Last year is likely to be the warmest since records began in 1880, beating 2014.

Yet, 2016 is expected to be even warmer.

Throw in the impact of possibly the strongest El Nino since 1950, and we have all the makings of another year with an unusually high number of extreme weather events.

There is no doubt that the world is warming at an alarming rate. Nine out of the 10 warmest years since 1880 have occurred over the last 15 years. Only 1998, another El Nino year, breaks that monopoly.

On a monthly analysis, since the turn of the 20th century, eight of the 10 warmest months occurred in 2015, with December’s figures still pending.

Put another way, 2015 holds the top eight positions out of a total of 1259 months.

With the El Nino expected to exert its influence until at least February or March, the extra warmth in theatmosphere is likely to manifest itself in the form of extreme weather.

This was undoubtedly the case with Hurricane Patricia in October, which was the strongest western hemisphere hurricane ever recorded.

It hit Mexico’s Pacific coastline as a Category 5 storm, with sustained winds of 320 kilometres per hour.

Fortunately Patricia made landfall in a sparsely populated region, near Cuixmala in Southwest Mexico.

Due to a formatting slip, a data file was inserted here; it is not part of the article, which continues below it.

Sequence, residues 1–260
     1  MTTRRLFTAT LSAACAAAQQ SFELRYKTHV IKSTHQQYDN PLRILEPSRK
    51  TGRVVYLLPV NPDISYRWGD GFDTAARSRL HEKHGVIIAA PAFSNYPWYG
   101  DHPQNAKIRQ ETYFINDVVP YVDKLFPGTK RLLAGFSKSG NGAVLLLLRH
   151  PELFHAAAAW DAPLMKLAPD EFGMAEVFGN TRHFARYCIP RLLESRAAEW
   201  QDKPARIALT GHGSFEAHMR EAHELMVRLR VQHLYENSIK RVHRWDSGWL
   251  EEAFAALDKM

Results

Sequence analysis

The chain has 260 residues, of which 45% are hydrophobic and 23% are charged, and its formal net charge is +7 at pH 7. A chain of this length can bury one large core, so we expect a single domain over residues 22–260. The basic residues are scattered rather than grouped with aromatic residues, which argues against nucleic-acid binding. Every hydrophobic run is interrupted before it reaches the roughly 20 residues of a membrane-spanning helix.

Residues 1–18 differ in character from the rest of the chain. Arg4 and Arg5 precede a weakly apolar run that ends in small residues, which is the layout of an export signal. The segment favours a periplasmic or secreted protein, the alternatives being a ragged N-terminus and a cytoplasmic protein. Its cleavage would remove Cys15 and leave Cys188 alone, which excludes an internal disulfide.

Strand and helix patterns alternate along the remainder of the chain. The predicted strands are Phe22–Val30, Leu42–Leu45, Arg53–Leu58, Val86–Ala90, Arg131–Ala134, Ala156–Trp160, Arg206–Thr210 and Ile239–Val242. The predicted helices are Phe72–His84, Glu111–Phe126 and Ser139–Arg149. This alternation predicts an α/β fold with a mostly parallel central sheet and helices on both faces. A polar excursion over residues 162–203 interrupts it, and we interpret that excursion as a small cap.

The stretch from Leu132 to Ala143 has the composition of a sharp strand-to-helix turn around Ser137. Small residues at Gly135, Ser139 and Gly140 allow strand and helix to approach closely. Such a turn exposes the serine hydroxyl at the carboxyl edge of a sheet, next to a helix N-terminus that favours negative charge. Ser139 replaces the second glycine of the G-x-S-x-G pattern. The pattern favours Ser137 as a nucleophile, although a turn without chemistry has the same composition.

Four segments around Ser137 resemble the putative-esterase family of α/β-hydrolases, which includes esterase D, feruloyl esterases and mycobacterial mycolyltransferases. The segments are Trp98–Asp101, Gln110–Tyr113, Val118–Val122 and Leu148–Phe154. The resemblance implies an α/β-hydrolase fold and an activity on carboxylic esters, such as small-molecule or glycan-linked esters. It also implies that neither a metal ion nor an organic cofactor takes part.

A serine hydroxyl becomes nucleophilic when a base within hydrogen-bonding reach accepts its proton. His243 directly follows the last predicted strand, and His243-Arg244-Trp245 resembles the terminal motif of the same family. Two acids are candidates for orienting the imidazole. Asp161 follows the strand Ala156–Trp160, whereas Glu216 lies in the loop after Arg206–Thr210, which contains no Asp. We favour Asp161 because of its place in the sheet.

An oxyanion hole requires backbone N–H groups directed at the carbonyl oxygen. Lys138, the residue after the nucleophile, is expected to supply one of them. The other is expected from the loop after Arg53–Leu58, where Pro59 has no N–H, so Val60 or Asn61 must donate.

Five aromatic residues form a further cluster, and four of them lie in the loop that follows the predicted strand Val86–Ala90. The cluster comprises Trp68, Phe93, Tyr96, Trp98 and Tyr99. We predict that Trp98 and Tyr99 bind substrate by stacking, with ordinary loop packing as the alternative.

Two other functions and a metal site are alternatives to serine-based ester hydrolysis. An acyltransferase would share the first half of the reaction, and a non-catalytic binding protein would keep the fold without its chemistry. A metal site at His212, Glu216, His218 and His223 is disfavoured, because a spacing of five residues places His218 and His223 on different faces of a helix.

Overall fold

Similarly, the Northeastern Pacific (east of the Date Line) also had its most active hurricane season on record.

An El Nino-induced drought added to the severity and persistence of the fires that raged across Indonesia through much of 2015. Death tolls are difficult to estimate, but it is likely that more than 10,000 people have died as a result of the ongoing fires across much of the country.

The heat waves that struck India in May, and, separately, Pakistan in June, killed 2,500 and 1,200 people respectively. India’s death toll made it the fifth worst heat wave in recorded history.

Add in Hurricane Joaquin, the Atlantic Basin’s strongest hurricane since 2007, Tropical Cyclone Pam which hit Vanuatu as the second most intense cyclone on record, and the record Central Pacific hurricane activity, and you have a remarkable year of extreme weather.

Weather and climate enthusiasts may look forward to 2016, but for those affected by severe events, it is going to be a miserable New Year.